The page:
COVID-19 sees sales and interest in automation, robots and AI growing fast

Many businesses are struggling to survive during the global lockdown and predict a slow road to recovery. But for robotics and AI firms, the need for their services is creating dramatic growth and new interest, suggesting strong sales into the future.

While the latest crisis to strike the world creates chaos, political opportunism and the sad toll of growing personal loss and struggling businesses, bots are helping both physically and online to bring people together and keep companies working.

One of the obvious examples are automatons in hospitals. Cleaning robots for hospitals aren’t new, but demand has spiked during the Coronavirus lockdown, and sales are strong for companies like U.S. firm Xenex which has seen a rise in “hundreds” of orders for its $125,000 disinfecting robots. The drones help take some of the stress from human cleaning staff and reduce the risk of cross-infection when it comes to disinfecting Covid and other wards.

Expect armies of these drones to be an increasingly familiar sight in hospitals and other sensitive areas into the future. Robots are also turning up to help reduce human interactions, both as guide bots that will show people to the appointment or office they are supposed to attend. Or, in the form of chatbots or digital concierges to welcome people to hotels, apartments and offices to speed up check-ins and arrivals.

Chatbots have been a hot topic for investment and business adoption in recent years, and that’s showing further signs of acceleration with Yellow Messenger, an Indian AI bot startup, having just snagged $20 million in second-round funding. As bots become a wider part of office platforms and worker engagement, bot firms are also looking to expand their offerings.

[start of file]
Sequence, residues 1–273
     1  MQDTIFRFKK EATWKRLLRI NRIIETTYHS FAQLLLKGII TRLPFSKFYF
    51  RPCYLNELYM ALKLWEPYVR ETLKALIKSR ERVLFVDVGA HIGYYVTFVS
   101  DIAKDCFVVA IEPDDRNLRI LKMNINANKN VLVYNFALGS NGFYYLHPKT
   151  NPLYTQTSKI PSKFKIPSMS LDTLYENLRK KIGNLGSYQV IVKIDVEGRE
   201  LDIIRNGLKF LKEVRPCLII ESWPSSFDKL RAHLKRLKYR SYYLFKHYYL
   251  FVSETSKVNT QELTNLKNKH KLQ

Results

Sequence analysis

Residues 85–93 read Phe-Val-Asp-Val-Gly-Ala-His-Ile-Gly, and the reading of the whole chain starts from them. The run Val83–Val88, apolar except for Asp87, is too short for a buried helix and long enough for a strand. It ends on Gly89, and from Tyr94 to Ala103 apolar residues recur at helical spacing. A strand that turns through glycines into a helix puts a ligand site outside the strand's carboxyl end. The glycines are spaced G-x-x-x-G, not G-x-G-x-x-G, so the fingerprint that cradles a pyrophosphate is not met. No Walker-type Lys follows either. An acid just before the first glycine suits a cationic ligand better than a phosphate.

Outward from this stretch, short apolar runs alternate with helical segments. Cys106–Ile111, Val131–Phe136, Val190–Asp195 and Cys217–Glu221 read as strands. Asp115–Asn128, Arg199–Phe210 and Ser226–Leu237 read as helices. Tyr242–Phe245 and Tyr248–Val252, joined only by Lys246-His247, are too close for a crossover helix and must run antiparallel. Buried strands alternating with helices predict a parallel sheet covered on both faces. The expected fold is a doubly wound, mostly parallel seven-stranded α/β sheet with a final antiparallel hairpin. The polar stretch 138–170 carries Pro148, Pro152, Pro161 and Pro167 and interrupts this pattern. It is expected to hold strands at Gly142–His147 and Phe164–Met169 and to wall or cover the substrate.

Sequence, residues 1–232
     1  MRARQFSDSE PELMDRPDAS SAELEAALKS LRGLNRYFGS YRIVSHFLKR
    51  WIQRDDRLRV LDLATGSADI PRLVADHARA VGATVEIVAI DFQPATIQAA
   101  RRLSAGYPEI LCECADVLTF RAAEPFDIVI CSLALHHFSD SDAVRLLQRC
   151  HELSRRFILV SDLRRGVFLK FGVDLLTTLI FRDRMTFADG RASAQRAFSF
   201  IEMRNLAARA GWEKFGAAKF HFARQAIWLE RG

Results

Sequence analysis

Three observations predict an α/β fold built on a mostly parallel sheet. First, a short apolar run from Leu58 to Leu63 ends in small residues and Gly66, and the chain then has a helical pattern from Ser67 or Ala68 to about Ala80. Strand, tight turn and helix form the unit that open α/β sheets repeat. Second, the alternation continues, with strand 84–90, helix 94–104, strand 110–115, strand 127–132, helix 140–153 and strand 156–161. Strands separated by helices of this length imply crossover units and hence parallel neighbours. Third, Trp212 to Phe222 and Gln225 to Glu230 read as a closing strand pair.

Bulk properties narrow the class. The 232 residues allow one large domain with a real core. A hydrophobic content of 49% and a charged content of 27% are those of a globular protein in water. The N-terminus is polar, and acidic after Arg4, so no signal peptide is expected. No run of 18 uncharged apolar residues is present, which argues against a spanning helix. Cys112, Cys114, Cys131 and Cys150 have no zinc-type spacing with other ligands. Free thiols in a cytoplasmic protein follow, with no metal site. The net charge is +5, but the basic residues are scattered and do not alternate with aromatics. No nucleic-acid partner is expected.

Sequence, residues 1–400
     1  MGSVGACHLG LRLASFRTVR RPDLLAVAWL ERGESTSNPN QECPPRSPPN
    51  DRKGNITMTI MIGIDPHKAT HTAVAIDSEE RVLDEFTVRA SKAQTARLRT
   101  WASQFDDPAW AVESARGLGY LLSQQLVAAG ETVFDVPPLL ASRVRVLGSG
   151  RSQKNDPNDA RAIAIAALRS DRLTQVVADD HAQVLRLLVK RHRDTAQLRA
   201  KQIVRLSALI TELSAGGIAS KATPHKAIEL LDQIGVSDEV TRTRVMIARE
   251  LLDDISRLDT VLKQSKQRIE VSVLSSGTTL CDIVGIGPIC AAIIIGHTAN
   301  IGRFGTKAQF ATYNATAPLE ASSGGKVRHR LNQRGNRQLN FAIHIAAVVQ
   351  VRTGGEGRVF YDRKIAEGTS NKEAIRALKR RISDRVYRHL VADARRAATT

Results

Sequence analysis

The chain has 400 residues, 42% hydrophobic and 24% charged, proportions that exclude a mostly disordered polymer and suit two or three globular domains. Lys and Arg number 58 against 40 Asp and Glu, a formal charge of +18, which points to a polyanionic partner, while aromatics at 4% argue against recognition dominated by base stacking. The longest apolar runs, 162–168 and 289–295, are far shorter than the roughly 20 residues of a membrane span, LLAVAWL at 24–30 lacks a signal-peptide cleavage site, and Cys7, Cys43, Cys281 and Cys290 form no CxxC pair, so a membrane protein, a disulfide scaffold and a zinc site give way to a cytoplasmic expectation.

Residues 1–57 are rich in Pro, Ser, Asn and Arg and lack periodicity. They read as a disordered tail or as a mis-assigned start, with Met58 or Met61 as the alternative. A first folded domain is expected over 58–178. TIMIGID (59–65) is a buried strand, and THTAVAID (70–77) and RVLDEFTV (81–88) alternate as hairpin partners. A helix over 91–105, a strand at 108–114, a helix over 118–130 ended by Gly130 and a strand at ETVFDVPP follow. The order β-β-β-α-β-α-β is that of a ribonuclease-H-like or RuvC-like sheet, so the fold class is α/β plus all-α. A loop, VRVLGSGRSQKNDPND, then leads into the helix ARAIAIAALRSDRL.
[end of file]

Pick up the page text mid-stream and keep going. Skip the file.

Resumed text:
Take Israeli firm SnatchBot that recently rolled out Snatch App, a secure, yet still free, messaging, video conferencing and collaboration tool. It uses strong security from its bot experience to overcome some of the lapses seen in popular messaging apps like Zoom which was easy to hack or break into ongoing conversations.

While many businesses need apps urgently to keep their teams working and processes flowing, grabbing one just because it hits the headlines does not make good sense. Even a cursory look at the many messaging apps on the market shows more secure tools or those with better features to enable collaboration like file sharing and ways to automatically wipe sensitive conversations or chats make them more practical for startups or enterprise use.

Getting back to business with bots

Automation has been growing fast across all types of business for decades, automating whole factories, with drones delivering parts around sites, and AI tools measuring raw material usage and checking quality, helping change orders on the fly.

But smaller robots are now appearing in offices without the need for big security cages, they can help in many areas from making pizzas to replicating and combining parts or performing repetitive tasks. Robotic process automation does the same thing with data or paper, and many companies will need RPA or similar tools to help them with the backlog building up during this crisis.

Helping with both internal and external communications, many companies already use chatbots and AI to help in their analytics, and once they start coming out of lockdown, they will investigate them for further uses to help any type of business work smarter.

Many more will have launched a simple chatbot to help with customer support or provide up-to-date guidance during Covid-19. They can use the experiences gained during lockdown to build bots that fit across their business processes and work with collaboration or AI tools that help improve decision making.

As part of cost-reduction or efficiency improvement efforts, robots and AI bots are staking a bigger claim and grabbing more attention across the in-boxes of entrepreneurs, business leaders and IT planners. Lessons will be learned from this lockdown and applied to immediate business continuity and restoration efforts.

They will also be filtered into longer-term business plans, helping to address the need for savings and smarter operations, as all companies across every market sector look to gain a competitive advantage over the rest of the decade. And to be prepared just in case anything like this ever happens again and workforces are required to scatter or continue operations in the more-automated future that we all face.